The second reason is because “every true pedagogue is an anti-pedagogue” (Felman 24). It is the task of educators to inspire their students to become autonomous learners: “We like to say that our goal is to tutor ourselves out of a job” (UNCW 4). A successful educator, therefore, is in the business of making himself/herself unnecessary on a singular level. On a broader level, however, there will always be new students and new skills and information to teach. Therefore, a tutor must be willing to constantly adapt to new pedagogical strategies and new advances in content.

The final reason teaching is an impossible profession is that “Teaching, like
analysis, has to deal not so much with lack of knowledge as resistance to knowledge” (Felman 30). This is often an unconscious emotional resistance, making the tutor’s task even more complex. If a tutee does not realize he/she is resisting, that is, clinging to the old knowledge, how can the tutor facilitate new learning?

“True learning…hurts” (Alcorn 175). The psychoanalytic theories about mourning provide insight into student resistance to learning: “when a truly unfamiliar idea is introduced to a student, it can play a role in the structure of subjectivity only if an older idea that has formerly played that given up” (Alcorn 175). In my experience as a writing tutor, I encountered this concept quite a few times, especially with first-year students. Often in high school English class, students are shown the five-paragraph essay model and told to not to deviate from it. So, when they get to the university and are asked to expand or even shrink this model, the students occasionally panic. It is a natural tendency to want to rely on old methods—“if it isn’t broke, why fix it?”—but this equals stagnation. The only way students will become versed in university-level writing is to give up the five-paragraph format and embrace other possibilities. But this is frightening for the tutees: “The work of teaching…is not that of transmitting a new idea, but of managing grief, pain, and anxiety that is released by undoing attachments to old, comfortable ideas” (Alcorn 172). Alcorn goes so far as to compare the mourning process of learning to losing a loved one—the attachment is that strong. Tutors need to recognize this mourning and to have compassion. Tutors should be able to “empathize with student anxieties and apprehensions while showing them that even class assignments…provide opportunities for learning” (UNCW 18).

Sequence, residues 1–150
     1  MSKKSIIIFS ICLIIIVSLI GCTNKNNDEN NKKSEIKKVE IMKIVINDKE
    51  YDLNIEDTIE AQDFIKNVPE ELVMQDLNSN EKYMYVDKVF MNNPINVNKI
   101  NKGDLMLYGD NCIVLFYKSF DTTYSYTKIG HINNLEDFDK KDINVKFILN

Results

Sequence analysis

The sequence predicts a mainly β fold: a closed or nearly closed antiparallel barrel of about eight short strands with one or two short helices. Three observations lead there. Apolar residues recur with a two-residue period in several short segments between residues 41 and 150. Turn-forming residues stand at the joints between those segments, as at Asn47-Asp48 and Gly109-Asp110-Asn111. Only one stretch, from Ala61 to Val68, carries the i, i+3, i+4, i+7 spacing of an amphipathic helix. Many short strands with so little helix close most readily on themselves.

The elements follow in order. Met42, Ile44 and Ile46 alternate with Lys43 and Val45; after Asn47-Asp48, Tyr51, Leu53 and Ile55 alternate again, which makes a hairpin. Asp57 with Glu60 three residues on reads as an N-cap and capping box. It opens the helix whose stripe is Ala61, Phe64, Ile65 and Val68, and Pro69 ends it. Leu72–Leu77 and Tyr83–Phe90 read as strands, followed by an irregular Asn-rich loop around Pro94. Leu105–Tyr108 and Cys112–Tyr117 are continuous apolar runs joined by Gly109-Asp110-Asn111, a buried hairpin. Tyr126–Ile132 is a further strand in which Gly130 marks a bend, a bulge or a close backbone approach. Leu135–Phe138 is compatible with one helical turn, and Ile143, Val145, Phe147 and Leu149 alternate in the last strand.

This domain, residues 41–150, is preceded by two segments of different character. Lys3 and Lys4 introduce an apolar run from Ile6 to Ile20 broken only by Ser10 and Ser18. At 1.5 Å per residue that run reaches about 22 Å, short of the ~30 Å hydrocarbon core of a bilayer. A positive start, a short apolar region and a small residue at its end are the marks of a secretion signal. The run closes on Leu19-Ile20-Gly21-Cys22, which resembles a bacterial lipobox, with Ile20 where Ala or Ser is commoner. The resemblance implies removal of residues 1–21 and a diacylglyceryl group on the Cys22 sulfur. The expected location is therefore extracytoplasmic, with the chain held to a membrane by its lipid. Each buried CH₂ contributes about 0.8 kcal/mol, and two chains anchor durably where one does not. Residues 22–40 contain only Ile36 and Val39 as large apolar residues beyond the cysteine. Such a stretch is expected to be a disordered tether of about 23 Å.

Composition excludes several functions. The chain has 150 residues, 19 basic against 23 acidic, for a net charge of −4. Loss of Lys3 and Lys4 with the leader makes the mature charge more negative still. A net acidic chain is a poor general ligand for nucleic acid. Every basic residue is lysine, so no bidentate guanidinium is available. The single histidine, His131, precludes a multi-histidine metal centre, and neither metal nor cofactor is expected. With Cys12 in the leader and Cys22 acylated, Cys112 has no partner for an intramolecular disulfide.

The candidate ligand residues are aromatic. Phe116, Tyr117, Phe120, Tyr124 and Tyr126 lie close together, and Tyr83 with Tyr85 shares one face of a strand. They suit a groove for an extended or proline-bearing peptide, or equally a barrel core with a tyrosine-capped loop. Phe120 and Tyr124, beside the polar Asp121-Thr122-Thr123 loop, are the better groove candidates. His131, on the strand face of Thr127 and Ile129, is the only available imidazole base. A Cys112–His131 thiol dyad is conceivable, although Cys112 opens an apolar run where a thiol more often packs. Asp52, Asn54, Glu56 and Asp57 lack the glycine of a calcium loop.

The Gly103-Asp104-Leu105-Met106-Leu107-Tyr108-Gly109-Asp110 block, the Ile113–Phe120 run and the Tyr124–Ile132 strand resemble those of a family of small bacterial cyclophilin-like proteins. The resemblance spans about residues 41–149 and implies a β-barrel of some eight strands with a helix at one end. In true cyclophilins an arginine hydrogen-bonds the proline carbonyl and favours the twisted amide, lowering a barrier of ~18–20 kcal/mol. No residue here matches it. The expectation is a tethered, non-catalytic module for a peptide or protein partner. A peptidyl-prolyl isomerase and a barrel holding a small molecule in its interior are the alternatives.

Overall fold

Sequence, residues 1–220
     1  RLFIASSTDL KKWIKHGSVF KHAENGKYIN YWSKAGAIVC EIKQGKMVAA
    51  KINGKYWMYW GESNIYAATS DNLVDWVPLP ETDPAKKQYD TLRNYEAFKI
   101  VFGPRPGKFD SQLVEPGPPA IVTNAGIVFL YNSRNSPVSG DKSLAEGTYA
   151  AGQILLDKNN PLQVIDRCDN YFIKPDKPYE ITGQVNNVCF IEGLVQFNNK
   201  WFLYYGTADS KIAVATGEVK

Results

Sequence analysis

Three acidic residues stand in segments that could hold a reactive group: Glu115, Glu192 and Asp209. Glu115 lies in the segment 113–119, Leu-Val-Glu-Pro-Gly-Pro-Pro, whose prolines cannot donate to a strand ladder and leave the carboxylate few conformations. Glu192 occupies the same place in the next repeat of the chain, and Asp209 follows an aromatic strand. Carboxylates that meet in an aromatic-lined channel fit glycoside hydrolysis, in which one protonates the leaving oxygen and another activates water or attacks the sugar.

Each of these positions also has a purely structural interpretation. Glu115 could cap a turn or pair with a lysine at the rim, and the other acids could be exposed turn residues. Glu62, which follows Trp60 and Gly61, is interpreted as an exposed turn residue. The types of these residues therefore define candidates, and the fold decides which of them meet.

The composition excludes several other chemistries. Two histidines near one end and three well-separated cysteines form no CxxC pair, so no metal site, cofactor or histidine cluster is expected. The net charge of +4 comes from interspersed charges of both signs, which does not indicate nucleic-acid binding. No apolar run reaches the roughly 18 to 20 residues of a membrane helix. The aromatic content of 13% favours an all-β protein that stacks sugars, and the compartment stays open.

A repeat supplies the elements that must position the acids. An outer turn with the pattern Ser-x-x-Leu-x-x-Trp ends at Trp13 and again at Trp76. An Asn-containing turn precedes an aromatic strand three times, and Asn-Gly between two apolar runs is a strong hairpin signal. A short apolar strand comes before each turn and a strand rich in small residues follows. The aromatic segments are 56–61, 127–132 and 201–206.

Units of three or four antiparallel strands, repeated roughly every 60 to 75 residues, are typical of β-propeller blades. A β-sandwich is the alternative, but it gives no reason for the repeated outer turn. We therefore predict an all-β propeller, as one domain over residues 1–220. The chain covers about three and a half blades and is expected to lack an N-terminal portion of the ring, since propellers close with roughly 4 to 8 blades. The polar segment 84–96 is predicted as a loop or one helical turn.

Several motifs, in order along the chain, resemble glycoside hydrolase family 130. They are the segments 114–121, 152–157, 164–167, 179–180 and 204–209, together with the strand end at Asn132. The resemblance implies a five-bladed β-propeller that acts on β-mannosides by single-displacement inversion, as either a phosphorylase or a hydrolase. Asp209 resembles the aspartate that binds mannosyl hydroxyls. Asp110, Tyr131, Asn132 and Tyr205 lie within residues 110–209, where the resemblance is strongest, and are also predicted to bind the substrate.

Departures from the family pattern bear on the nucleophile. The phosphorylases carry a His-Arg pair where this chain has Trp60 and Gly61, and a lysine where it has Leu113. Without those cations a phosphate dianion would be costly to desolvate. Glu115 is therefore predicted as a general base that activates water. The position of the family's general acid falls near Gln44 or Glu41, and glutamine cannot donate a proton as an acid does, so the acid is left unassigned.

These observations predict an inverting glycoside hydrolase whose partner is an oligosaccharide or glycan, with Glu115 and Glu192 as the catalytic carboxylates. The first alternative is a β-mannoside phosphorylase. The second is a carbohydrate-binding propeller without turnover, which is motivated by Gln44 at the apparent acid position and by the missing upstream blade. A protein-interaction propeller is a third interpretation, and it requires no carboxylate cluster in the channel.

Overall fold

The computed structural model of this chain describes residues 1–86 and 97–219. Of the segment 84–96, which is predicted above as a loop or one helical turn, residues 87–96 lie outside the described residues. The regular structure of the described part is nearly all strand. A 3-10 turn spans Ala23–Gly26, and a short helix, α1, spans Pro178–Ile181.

“Opportunities for learning” means not just earning a grade; it means learning how to learn, developing metacognitive abilities, improving confidence and decision-making, and coming to appreciate learning for its own sake. These are not easy goals to achieve in the short time the tutor/tutee have together; however, if a tutor is aware of his/her own intellectual and psychological capabilities, then the art of tutoring can be successful.

According to Jacques Lacan, the goal of education is truth (McGee 677). This truth is achieved when students “see more in the words of the teacher than the teacher knows” (McGee 677), and when the students “come to understand that the knowledge they seek is neither in the teacher nor themselves but in the common ground that brings teacher and student together…” (McGee 677). Once this seeing and understanding is achieved, tutees can relax and enjoy learning. This does not mean that learning will be easy or that there will not be frustrations; it is simply preferable to facilitate learning through confidence in one’s emotional and intellectual abilities. This acceptance is often a relief and with relief comes the laughter of recognition.

…I myself prefer to laugh, since there is less cleaning up to do afterward.
--Kurt Vonnegut

At the beginning of this article I described the student who was near tears when requesting tutoring. Hopefully the young lady was guided well by her tutor and they both felt the joy of learning. As I walk the halls of our Learning Center, the sound of laughter coming from the tutoring rooms is a clear indication of a successful tutor/tutee relationship and its achievement: true learning.